Feature | Tech Up! – Nintendo 3DS XL Circle Pad Pro

By Shane Jury 30.12.2012 1

Back when Nintendo first revealed its answer to the 3DS' lack of dual analogue wizardry in the form of a Circle Pad attachment accessory, the main reactions to it were to remark on its overly bulky size that would limit portability and the idea that Nintendo was admitting the initial design for its newest handheld had a key design flaw. A good number of games, including bigger names like Resident Evil, Kingdom Hearts and Metal Gear Solid provided healthy support for the device, providing key incentive for purchasers to overlook the general rough look of the Circle Pad Pro and enjoy the extra control option and better grip instead, as stated in Cubed3's previous impressions article. Now with Nintendo's Miracle Gro version of the 3DS out and about taking the world by storm, the Circle Pad Pro has also been blown up in size and thus far released to the Japanese public. Should 3DS XL owners keep an eye out for this one in the future, though?

Image for Feature | Tech Up! – Nintendo 3DS XL Circle Pad ProAnyone who has tried the original Circle Pad Pro with their '3DS Lites' will already have the general gist of what this model offers, but there are some key differences to consider. Like before, the Circle Pad Pro works through IR sensors and a single AAA battery that comes in the box, attaching itself to the receiver along the top for the signal and around the entire base of the unit for stability. Also like before, attaching the XL Pro to your jumbo handheld (this time with a sturdy and satisfying click it has to be said) blocks off some of the areas of the unit including the stylus slot, SD Card slot, Game Card bay, and Wi-Fi switch; easy to regain access to by gently slipping the machine out of the Pro but slightly annoying to have to do so nonetheless.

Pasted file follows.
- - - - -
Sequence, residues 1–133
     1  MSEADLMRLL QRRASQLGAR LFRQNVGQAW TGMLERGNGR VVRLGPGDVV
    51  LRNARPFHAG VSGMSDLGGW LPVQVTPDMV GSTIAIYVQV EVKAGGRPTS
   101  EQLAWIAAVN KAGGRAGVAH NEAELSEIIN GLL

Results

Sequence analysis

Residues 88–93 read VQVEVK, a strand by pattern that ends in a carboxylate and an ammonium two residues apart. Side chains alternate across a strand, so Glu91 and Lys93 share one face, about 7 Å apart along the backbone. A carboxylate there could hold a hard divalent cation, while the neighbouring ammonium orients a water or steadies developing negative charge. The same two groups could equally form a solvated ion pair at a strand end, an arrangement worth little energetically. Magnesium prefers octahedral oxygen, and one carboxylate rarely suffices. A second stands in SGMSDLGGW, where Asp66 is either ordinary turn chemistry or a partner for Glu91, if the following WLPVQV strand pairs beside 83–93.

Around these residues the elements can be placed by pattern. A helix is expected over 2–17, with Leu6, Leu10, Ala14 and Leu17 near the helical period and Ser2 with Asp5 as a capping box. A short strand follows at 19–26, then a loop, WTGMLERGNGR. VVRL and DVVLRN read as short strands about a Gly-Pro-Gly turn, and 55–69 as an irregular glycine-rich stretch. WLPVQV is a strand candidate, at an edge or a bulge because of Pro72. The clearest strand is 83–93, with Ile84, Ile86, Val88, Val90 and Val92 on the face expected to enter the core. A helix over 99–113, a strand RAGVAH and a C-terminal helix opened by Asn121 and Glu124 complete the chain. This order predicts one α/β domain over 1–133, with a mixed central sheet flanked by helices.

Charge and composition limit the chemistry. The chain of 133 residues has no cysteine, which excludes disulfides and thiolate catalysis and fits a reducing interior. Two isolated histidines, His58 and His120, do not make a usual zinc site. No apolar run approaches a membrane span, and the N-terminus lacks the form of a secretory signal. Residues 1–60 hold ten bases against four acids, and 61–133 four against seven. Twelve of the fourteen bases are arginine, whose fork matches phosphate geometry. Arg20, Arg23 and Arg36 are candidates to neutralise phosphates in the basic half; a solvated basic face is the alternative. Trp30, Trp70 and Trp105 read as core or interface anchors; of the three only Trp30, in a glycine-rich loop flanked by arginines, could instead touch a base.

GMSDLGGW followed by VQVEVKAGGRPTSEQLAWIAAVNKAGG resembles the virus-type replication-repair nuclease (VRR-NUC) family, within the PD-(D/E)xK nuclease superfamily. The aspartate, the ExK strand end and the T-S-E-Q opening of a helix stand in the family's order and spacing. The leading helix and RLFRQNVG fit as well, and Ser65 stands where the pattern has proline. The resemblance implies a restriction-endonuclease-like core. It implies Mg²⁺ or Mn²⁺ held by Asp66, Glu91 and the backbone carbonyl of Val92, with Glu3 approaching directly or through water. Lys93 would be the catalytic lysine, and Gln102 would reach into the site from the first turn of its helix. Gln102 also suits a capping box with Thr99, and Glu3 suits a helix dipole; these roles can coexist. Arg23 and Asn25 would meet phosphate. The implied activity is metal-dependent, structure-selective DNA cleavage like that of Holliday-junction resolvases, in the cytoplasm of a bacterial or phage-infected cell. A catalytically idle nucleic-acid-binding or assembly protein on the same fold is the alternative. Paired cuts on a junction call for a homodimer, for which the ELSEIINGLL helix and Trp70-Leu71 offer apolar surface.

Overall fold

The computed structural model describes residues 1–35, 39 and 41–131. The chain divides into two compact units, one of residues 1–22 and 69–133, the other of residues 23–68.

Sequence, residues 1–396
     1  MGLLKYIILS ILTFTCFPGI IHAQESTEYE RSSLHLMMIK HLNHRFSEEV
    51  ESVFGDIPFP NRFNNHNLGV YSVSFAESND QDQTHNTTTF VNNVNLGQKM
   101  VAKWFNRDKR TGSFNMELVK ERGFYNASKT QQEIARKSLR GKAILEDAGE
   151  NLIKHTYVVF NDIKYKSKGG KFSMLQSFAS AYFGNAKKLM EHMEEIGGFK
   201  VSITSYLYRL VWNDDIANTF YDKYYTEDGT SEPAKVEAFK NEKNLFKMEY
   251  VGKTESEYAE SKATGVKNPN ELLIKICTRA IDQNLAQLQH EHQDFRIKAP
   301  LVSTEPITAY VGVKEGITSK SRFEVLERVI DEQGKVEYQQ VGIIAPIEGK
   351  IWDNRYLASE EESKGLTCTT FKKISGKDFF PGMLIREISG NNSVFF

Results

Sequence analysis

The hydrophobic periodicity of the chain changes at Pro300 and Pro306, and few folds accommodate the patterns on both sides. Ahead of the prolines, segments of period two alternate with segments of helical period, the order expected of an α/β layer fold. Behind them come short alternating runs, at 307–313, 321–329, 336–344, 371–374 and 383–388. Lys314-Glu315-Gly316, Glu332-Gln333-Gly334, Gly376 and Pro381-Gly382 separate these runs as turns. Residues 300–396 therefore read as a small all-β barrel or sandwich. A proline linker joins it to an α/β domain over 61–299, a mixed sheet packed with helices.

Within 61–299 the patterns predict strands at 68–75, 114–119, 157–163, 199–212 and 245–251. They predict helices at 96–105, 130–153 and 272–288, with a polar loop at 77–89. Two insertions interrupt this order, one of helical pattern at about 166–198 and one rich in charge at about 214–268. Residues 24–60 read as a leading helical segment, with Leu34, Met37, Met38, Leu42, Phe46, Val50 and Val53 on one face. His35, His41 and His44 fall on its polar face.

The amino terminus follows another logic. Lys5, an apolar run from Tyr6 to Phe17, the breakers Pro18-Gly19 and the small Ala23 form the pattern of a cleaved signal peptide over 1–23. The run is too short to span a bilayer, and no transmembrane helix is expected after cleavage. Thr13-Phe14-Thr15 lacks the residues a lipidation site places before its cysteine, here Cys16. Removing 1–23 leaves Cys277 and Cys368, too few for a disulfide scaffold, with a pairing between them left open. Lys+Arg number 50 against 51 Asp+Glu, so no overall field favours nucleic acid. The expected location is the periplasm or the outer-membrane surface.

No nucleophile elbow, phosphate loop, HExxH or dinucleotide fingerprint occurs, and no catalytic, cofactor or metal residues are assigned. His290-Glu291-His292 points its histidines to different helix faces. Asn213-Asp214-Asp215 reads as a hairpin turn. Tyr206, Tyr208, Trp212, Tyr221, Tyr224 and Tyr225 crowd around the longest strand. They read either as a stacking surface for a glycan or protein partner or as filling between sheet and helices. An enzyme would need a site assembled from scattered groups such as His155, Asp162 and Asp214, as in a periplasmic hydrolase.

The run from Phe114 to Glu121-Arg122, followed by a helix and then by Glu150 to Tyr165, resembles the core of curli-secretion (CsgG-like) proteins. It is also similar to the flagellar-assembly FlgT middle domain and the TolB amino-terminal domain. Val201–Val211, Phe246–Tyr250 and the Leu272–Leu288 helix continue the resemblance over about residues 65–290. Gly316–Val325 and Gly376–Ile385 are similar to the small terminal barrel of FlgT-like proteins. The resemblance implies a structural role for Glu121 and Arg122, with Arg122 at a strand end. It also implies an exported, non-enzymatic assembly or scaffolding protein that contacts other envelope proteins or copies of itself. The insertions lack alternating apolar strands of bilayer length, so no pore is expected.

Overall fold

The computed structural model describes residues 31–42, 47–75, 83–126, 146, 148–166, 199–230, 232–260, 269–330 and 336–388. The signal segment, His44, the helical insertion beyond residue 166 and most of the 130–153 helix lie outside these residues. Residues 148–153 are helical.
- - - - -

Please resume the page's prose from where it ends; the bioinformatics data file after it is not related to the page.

This time around, however, the Circle Pad Pro looks to have been designed around the XL's form factor instead of presumably a bolted-on peace offering to secure Monster Hunter like the original model was. To look at the Pro on its own would definitely give the impression of a gigantic unwieldy device, but when clipped onto a 3DS XL and put into action, the narrowed-down and slimmer sides (when comparing the aesthetics of this version to the original, at least) means that the XL's overall width is barely increased at all, and whilst the XL alone is far more comfortable to hold than its lighter predecessor anyway, the grips that the XL Pro offers are still great for a long amount of play time, if a less portable one due to the volume increase. On the original 3DS, the power and Wi-Fi lights were blocked from view because of their placement on the sides of the unit, but because of the wrapped nature of their indicators on the XL they can now clearly be seen. Even the ZL and ZR triggers look to be more improved, pressing inwards with a satisfying amount of pressure not unlike the equivalent triggers on the Wii U GamePad itself.

Image for Feature | Tech Up! – Nintendo 3DS XL Circle Pad Pro


What really determines the worth of an accessory is, of course, the games it can work with, and although there isn't a great deal of games in the pipeline known of, the top titles on 3DS that already support the Pro are definitely worth trying it with. Metal Gear Solid 3D: Snake Eater, in particular, is incredibly difficult to adjust to without the attachment, and Kid Icarus: Uprising's left hand mode and Kingdom Hearts 3D: Dream Drop Distance's greater camera control are welcome additions.

Tech Up! Final Thoughts

This version of the Circle Pad Pro has not yet been confirmed for overseas markets, but with Monster Hunter's 3DS debut looming this coming March, it would be an easy opportunity for Nintendo to bundle the two together, like Capcom did with Resident Evil Revelations. At the very least the attachment is region free for anyone wanting greater control for their XL.

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Dan (guest) 14.01.2013#1

Looks good to me but the second analog stick should have been included in the XL in the first place..

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